BY CAROL SEE
Every woman has a story about her path to a LAM diagnosis. My story actually began with a diagnosis of mononucleosis. In late 2011, I was feeling so tired and weak that I could barely stand up. After a series of blood tests, my doctor sent me to the hospital, but the ER sent me home after the mono diagnosis. At age 48, jokes ensued.
But my doctor was convinced something additional was wrong, and after further testing and consultation with an endocrinologist, he diagnosed me with adrenal insufficiency, aka Addison’s disease. The abdomen CT he had ordered showed some lung nodules that he wanted to re-check in three months.
BY JEFF SWIGRIS, DO, MS, LAM CLINIC ASSOCIATE DIRECTOR, NATIONAL JEWISH HEALTH, DENVER
I don’t need to tell you what it’s like to live with LAM (or live with someone affected by LAM)—you’re the experts on that topic. Drawing on that expertise has created the underpinnings of my research program: go to the experts to try to more fully understand how a chronic respiratory disease affects patients (and their loved ones). It is only through such understanding that we—as clinicians and researchers—are able to try to devise strategies to lessen the negative effects these diseases have on how patients feel and how they function.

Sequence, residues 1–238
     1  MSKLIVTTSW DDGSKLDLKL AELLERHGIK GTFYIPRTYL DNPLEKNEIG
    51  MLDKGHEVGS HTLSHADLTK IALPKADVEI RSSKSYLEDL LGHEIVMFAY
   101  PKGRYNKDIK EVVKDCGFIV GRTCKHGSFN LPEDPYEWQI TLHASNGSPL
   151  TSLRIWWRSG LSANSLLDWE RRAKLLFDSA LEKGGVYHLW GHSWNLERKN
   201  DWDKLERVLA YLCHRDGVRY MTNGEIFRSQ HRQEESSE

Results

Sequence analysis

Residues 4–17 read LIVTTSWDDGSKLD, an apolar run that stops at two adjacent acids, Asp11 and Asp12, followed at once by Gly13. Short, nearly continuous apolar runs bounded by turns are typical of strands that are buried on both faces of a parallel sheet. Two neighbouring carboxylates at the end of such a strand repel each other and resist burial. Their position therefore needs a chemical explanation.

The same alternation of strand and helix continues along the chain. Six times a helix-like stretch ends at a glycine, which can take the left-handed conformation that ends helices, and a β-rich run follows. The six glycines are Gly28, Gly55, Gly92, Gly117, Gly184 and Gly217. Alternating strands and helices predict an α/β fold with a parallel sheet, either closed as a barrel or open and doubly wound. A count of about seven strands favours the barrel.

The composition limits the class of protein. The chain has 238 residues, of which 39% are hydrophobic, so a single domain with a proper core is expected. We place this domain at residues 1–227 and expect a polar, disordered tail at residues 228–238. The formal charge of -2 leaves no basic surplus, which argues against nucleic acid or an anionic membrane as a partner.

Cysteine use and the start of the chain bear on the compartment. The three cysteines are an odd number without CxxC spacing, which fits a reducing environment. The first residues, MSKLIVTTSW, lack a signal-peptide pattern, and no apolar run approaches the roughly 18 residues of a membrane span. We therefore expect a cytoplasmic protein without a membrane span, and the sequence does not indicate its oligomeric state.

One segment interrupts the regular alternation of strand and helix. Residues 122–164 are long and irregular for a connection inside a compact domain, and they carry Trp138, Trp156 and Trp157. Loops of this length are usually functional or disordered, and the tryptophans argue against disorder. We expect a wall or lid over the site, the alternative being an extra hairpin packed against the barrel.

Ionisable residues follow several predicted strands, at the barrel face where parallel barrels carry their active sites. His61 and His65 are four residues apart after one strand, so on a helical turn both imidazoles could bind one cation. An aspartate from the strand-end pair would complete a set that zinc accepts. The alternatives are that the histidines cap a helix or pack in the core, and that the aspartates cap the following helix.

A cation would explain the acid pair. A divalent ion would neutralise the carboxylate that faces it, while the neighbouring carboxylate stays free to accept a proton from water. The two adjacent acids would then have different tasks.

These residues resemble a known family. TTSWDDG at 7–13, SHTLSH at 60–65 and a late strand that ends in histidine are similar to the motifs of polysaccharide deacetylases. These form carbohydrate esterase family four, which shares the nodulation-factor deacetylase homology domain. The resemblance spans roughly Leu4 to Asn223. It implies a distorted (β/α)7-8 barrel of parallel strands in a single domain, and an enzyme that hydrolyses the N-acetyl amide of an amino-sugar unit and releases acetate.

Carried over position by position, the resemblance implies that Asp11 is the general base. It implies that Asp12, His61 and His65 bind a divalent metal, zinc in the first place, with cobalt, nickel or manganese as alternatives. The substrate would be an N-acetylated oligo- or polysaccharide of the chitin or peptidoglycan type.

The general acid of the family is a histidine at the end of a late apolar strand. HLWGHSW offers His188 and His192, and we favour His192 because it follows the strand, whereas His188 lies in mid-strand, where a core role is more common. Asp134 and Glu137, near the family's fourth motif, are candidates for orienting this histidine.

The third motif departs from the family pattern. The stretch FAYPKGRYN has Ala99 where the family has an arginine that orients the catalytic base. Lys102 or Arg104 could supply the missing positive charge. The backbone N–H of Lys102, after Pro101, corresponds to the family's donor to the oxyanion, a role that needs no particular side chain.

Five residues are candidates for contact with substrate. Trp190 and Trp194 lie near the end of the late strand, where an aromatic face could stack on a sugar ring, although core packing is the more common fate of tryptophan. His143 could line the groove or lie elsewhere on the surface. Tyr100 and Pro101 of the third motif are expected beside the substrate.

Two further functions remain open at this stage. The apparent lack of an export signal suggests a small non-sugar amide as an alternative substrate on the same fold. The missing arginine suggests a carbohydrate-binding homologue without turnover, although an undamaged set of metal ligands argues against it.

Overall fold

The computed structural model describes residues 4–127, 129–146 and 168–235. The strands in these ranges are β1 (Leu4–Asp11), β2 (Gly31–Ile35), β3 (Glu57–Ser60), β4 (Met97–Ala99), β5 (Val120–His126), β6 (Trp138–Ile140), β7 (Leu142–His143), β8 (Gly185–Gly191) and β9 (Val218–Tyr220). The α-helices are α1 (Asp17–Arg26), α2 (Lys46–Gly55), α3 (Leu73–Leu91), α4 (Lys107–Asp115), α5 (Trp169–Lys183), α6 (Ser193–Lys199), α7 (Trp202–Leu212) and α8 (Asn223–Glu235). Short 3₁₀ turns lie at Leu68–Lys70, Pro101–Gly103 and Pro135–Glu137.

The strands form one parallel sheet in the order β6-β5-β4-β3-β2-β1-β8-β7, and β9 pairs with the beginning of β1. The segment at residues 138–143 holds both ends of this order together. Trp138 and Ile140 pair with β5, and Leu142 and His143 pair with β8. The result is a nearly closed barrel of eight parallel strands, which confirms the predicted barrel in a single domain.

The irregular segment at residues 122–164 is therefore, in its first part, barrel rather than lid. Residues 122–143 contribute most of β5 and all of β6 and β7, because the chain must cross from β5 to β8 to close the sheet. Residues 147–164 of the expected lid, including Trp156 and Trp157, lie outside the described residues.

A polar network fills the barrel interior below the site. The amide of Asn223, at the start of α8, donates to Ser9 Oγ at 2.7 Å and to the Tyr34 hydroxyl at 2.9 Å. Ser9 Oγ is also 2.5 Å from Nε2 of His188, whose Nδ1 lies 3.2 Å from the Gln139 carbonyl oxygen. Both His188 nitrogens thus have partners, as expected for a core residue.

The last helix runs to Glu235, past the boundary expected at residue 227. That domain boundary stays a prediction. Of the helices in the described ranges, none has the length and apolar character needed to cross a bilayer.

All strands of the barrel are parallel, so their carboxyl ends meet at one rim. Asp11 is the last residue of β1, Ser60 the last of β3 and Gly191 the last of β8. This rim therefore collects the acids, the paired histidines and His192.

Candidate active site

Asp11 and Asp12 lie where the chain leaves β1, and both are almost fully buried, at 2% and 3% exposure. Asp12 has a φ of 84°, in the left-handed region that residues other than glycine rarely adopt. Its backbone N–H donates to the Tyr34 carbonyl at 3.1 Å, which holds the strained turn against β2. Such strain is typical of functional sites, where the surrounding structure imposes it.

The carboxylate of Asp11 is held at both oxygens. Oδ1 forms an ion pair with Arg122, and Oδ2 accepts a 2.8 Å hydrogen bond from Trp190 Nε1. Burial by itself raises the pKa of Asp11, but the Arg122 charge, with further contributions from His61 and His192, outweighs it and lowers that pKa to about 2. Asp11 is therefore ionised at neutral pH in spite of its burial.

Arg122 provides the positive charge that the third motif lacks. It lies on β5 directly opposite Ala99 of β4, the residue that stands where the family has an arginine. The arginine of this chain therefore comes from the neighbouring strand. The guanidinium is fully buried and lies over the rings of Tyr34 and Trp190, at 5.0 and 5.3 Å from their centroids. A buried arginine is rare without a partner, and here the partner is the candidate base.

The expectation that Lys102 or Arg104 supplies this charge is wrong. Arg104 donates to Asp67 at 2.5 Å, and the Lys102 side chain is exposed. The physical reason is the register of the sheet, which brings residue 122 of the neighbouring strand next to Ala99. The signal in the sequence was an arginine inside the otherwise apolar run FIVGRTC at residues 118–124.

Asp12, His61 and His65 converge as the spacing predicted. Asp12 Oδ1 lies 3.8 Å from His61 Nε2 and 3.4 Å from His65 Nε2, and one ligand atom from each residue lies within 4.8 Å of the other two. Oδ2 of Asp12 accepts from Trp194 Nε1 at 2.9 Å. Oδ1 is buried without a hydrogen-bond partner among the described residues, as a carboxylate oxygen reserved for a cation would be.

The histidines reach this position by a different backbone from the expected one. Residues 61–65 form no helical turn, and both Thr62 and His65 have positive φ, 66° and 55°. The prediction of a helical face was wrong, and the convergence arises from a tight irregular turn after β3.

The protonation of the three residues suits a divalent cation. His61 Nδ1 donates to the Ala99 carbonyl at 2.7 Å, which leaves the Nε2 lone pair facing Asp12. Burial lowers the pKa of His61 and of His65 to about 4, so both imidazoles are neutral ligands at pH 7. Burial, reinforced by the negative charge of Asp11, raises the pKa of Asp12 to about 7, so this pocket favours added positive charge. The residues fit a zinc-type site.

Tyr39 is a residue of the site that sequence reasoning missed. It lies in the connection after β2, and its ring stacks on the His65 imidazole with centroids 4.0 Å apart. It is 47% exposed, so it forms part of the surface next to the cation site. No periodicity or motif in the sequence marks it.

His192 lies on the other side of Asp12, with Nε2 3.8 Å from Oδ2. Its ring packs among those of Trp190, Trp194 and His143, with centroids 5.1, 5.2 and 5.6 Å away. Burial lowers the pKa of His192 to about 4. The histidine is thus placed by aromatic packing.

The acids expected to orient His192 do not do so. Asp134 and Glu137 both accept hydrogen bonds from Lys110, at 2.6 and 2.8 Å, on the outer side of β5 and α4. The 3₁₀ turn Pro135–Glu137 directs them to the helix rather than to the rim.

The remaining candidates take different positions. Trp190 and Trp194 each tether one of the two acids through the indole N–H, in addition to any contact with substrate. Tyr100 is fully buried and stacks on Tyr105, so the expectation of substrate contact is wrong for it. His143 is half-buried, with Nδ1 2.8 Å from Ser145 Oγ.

The FDA-approved sirolimus for use in patients with LAM on May 28, 2015, almost exactly 20 years after The LAM Foundation was founded. The informal tag line for the Foundation back then was ‘an effective treatment in under a decade’, and the Board’s tongue-in-cheek position was that we could ‘use our own discretion’ to decide when the decade started. I am still not sure when the start date was, but I think we can assign the end date for the first effective treatment for LAM as May 28, 2015.